Differentiation

A few weeks ago, I was hired to improve the layout of a new social network’s homepage.  What I noticed right away was that it was way too similar to the big boys – Facebook, LinkedIn, etc.  Nothing really set it apart.

I told my client that they needed something to make it unique.  I suggested giving a dynamic stock value to each member of the site.  Their stock value would be based on how much they use the site, make connections, talk with other members, etc.  And their stock would increase or decrease based on those types of variables.  The two members with the highest stock values each day would be put on display at the home page, driving more traffic to their profile.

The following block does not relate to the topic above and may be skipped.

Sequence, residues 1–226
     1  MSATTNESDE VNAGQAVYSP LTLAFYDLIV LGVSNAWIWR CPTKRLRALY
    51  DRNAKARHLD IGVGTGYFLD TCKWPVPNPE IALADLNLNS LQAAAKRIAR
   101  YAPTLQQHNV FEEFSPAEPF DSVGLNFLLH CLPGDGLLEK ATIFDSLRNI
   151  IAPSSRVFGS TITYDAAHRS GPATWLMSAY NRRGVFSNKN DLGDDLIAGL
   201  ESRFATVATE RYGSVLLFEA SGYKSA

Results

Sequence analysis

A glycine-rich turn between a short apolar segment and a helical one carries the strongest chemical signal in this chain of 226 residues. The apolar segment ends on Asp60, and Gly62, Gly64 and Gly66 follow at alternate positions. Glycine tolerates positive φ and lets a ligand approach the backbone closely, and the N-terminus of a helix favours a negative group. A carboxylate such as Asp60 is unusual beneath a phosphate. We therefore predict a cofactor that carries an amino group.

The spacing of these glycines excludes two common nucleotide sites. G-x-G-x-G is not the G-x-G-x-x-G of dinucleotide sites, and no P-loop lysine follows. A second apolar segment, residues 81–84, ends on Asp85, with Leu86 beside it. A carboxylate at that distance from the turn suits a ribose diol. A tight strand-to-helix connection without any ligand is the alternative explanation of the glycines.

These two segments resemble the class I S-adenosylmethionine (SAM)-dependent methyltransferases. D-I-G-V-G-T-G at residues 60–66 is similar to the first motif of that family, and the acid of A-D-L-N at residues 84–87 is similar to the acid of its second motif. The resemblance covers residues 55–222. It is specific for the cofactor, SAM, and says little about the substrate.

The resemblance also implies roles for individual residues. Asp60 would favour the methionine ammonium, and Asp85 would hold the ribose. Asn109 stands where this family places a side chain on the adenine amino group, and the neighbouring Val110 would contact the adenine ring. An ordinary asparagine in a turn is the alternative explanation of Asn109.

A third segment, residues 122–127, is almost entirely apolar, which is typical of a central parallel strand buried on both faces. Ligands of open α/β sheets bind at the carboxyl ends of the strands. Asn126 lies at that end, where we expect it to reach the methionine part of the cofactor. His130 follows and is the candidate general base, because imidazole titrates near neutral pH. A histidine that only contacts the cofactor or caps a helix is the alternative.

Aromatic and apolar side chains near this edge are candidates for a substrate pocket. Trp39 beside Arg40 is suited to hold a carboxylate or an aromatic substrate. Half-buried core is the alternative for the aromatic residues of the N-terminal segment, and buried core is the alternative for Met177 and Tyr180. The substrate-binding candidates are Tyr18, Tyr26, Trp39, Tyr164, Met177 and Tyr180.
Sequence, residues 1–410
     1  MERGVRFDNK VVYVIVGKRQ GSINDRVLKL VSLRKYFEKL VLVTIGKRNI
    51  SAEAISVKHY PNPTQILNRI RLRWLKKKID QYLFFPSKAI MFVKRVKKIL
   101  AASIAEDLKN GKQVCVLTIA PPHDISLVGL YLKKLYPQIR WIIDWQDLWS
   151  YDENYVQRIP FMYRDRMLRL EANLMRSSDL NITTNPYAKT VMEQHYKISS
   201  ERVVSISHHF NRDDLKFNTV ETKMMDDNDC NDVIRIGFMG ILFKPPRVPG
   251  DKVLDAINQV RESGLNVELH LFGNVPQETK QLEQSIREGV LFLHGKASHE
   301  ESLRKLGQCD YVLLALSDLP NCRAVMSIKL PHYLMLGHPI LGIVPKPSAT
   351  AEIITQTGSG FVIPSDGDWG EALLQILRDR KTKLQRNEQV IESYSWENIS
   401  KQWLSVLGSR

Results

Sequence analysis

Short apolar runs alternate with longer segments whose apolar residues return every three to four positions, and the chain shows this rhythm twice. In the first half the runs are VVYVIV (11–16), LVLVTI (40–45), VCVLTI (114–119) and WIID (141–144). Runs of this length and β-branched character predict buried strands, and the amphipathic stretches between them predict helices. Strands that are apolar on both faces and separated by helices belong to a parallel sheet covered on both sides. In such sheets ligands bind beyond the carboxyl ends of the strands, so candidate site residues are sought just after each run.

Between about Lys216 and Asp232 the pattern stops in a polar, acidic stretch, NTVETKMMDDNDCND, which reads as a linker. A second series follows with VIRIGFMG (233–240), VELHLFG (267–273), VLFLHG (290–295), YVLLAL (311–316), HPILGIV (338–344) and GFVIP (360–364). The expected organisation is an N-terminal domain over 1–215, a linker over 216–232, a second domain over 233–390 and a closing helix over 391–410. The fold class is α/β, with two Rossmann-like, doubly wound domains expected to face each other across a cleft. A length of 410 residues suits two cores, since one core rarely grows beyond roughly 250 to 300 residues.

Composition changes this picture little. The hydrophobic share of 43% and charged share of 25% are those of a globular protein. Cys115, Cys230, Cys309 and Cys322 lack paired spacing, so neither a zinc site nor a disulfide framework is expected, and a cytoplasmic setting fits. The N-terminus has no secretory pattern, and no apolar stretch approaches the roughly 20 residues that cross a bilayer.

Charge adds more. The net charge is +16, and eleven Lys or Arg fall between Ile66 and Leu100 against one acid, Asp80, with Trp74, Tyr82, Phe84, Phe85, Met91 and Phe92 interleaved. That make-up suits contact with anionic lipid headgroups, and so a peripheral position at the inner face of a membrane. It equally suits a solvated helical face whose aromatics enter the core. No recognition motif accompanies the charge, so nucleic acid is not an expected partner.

“Your idea is a good one, but it’s just too difficult.”  The company didn’t have the developers to execute the stock value system.  “But do you know how we could increase our rate of visitors to members?”

I don’t mind someone turning down my ideas at all – they’re a dime a dozen.  And I can appreciate (but not fully sympathize with) lacking a few of the resources to do something.  I DO, however, have a big problem with not creating value for the end user.

If your service offers nothing new, unique, fun, entertaining, or valuable – why the hell would I ever use it?  I don’t care if it’s a project you’ve worked really hard on – if it sucks, I’ll ignore it.  Your visitors don’t care about what you’ve created; they care about what you’re offering them.

And the way you turn more visitors into members is by offering something worth talking about.  Something different.

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